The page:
That Volvo station wagon had been the car that Lamont drove to take Mama to all sorts of doctor and physical therapy appointments. It was the vehicle we picked up and dropped off my brother at the airport when he came to town to help move me to my new place after she had died, early January this year. In November, 2008, it was the car that took Lamont, Leland, and me to the woods, mushrooming. Earlier that same month it had taken Lamont, Mama, our friend Lucy (visiting from Mississippi), and me on a great tour of the Columbia River Gorge and over to Hood River, Oregon, then south around Mt. Hood and back to Portland. And since then he's driven it out of town several times camping and/or bouldering, having fun with his brother and/or friends. For his 36th birthday I had given Lamont a repair of the passenger window motor and a general tune-up of that car. All of that for naught now--blast that irresponsible woman. Good memories remain, however, and serve to dim the aggravation.

Also dimming the aggravation. The woman's insurance put him in a rental car and paid him $75 less than he needed to get the new old Volvo station wagon. Serendipitously a woman where Lamont works had the car for sale. By the end of the second week of dealing with an insurance company in a different time zone while working 40-hour weeks, Lamont got that money from Farmers and sold his old car to this wonderful repair place just east of where I live, Atomic Auto, for a fair price. He ended up with the new old Volvo station wagon and $25.

The new old Volvo station wagon checked out fine with the Atomic Auto guys (they were the ones who fixed that window, etc.), has half the mileage on it that the old old Volvo station wagon had on it. For all of us, this entire event turned out so much better than we could have ever hoped. Prayers answered.

Now for some photos of the old old Volvo station wagon and our mushrooming trip. If they make you hungry for all of the trip which was quite a lot of fun and very successful, the posts are on November 26, 2008; November 28, 2008; and November 30, 2008. You won't believe the forest and the mushrooms and the ferns and the trees and the guys.

Lamont and Leland arrive at our old apartment--I was waiting out front, excited about our pending adventure.

Lamont and Leland in the old old Volvo station wagon, as we pulled away from the curb.

Lamont and Leland getting ready to hunt chanterelles.

Just before we started the hunt, the guys posed for me.

Once we got back to the old old Volvo station wagon, hours later, the guys posed for me again. Look at our mushrooms!

We got wet, but who cares? I didn't fall down once, thanks to my wonderful sons. And I found the very first golden mushroom, too!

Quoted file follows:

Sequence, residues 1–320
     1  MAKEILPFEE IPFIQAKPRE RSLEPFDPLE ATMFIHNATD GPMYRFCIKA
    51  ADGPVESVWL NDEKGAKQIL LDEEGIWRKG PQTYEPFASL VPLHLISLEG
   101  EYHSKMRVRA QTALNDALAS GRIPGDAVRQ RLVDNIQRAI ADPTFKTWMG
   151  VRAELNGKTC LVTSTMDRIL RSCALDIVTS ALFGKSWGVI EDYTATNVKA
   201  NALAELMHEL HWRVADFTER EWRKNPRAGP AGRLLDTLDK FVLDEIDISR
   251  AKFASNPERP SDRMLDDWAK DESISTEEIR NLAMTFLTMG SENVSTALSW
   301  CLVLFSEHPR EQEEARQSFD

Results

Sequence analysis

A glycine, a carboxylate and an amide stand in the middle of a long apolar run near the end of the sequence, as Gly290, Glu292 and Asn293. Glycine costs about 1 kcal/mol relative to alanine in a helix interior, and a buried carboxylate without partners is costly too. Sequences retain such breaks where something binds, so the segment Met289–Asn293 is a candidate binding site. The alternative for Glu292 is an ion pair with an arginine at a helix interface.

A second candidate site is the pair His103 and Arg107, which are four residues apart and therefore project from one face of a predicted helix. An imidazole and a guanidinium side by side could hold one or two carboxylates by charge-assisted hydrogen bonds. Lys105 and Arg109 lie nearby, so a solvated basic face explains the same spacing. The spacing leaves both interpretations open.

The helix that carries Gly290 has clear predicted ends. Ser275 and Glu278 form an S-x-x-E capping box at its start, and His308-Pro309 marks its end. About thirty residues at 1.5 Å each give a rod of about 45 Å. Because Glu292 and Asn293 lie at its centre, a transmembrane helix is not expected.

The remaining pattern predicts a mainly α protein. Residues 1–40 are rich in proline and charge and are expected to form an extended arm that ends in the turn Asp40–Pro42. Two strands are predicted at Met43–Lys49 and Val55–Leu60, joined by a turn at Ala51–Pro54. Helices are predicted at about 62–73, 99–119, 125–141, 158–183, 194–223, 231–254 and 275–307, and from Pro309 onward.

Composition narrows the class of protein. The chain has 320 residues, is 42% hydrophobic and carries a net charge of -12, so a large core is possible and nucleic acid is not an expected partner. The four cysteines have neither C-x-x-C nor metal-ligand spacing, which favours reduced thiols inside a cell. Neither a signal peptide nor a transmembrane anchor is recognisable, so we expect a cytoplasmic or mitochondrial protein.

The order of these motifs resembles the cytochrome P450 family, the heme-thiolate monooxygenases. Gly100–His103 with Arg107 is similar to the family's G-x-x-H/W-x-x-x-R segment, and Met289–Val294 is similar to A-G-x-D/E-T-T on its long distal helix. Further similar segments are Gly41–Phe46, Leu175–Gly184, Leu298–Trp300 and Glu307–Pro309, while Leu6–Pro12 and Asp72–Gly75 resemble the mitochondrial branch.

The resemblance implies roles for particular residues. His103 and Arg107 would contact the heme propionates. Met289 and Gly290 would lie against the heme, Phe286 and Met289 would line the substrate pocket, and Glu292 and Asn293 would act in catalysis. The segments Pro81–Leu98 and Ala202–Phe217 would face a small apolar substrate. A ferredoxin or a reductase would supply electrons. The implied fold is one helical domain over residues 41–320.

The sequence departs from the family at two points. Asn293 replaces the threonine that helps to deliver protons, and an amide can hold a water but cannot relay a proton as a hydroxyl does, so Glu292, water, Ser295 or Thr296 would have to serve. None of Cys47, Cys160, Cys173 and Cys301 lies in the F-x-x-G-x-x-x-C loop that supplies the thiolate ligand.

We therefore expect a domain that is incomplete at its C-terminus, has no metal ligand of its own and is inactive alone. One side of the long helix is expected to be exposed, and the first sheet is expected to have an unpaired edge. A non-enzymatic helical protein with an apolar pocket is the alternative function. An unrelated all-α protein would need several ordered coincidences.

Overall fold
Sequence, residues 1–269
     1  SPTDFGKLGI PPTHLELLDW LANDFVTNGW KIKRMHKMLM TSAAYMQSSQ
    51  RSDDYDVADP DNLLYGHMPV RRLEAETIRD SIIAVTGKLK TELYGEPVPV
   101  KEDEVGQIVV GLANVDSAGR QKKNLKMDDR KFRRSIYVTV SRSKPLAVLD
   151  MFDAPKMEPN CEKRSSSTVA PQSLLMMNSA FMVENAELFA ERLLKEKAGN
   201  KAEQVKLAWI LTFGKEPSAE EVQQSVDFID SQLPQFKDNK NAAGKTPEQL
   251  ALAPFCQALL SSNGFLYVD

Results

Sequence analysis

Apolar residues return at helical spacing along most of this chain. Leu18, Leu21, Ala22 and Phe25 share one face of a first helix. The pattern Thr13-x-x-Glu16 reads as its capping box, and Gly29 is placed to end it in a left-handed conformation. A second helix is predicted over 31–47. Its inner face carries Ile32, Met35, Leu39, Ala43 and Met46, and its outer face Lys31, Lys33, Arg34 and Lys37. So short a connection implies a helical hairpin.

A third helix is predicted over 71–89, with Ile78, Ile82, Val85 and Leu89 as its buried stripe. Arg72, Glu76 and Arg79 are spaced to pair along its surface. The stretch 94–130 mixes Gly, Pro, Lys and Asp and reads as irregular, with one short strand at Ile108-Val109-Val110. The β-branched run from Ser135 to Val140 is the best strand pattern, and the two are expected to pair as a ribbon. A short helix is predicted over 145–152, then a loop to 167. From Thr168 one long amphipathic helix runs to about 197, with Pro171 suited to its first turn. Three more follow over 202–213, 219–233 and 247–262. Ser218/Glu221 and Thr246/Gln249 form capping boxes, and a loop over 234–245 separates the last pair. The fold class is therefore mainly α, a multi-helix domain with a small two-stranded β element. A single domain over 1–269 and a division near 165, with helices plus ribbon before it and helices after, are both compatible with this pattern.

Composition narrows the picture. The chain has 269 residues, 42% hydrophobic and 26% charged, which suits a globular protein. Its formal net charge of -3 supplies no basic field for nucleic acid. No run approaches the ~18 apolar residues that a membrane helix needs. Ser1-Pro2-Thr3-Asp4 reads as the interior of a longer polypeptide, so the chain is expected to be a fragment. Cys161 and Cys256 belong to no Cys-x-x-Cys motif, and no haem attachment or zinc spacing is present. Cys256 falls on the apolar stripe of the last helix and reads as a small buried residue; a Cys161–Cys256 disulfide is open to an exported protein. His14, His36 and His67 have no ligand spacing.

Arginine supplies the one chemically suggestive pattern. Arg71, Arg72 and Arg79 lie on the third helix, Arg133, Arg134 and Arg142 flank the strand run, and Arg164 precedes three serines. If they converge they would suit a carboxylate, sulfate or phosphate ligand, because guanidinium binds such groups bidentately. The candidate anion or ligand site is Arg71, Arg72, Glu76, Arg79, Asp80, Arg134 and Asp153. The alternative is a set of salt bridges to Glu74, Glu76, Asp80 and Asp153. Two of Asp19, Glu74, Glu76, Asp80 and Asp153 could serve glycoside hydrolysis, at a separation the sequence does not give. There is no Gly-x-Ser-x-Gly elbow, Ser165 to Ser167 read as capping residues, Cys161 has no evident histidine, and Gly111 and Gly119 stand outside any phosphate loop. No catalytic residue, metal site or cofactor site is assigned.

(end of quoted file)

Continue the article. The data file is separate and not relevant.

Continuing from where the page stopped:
Friday, November 18, 2011

Veterans Day Parade, 11/11/11, No. 7

37th Annual Ross Hollywood Veterans Day Parade

At first I thought, "Don't know which veterans are riding in this vintage Cadillac." Then, "Oh, yes, I do. Lucky veterans to get to ride in such a beauty!" Then I found this online at the Oregonian about the folks and the vehicle: "Supporters of JOIN, a group created to help homeless veterans, ride in a 1958 Cadillac automobile during the Veteran's Day Parade Friday in the Hollywood District." Cool.

More lucky veterans in this vintage Ford Fairlane. Flickr friend Terry says it is a 1957. That was what I figured, but it's nice to have back up. While I love two-tone vintage vehicles, this one is actually a three-tone vehicle because the roof is a lighter version of the sort of steel blue gray on the lower portion of the side of the car. Very exciting to see for me, someone always head-over-heels where vintage vehicles are concerned.

AMVets Post 66, AMVets Riders Chapter 66, Portland, Oregon, in a vintage Dodge Coronet.

AMVets Post 66, AMVets Riders Chapter 66, Portland, Oregon, in a vintage Studebaker. This is the happiest car I think I've ever seen. It seems to be smiling broadly, proud of being included in the parade.

Here it looks like a little Frenchman to me, complete with a silver mustache.

1st Cavalry Division Association, Columbia Willamette Chapter. Gotta love this Chevrolet Apache pickup truck.

It's a two-tone beaut.

Picture perfect vintage Ford pickup.

Thursday, November 17, 2011

Veterans Day Parade, 11/11/11, No. 6

37th Annual Ross Hollywood Veterans Day Parade

Several vehicles had banners or signs that identified their riders.

Military Order of the Purple Heart, Portland, Oregon chapter. I adore that smile.

American Legion members on a trailer. The woman on the right is so lovely to me.

Women Marines Association. Another special smile.

USMC, the United States Marine Corps. This wonderful vintage vehicle, which Flickr friend Terry has identified as a 1940 Deluxe Ford panel truck, is the perfect lead-in to tomorrow's post, the last of the ones which feature veterans on wheels.

Wednesday, November 16, 2011

Veterans Day Parade, 11/11/11, No. 5

37th Annual Ross Hollywood Veterans Day Parade

Vets on some sort of tracked vehicle. I certainly don't know for sure, but it looks like an Army tank of some sort to me. Does anyone know? I'll bet that little guy in the middle had a great time riding up there. Don't miss the driver. The concentration on his face is impressive.

The sign on this Jeep reads, "25th Infantry Division: Pearl Harbor, Guadalcanal, New Georgia, Luzon, Japan, Korea, Viet Nam, Cambodia, Bosnia, Haiti, Afghanistan, Iraq."

This Jeep followed the tank. Definitely Army.

Here's the motorcyclist shaking hands with a vet in the Jeep.

One more vintage Army vehicle.

Is this a Jeep, too? Next to the tank, it's my favorite of these Army vehicles. Something about it just appeals to me.

I like the flags on this one.

Definitely some sort of truck. Troop carrier?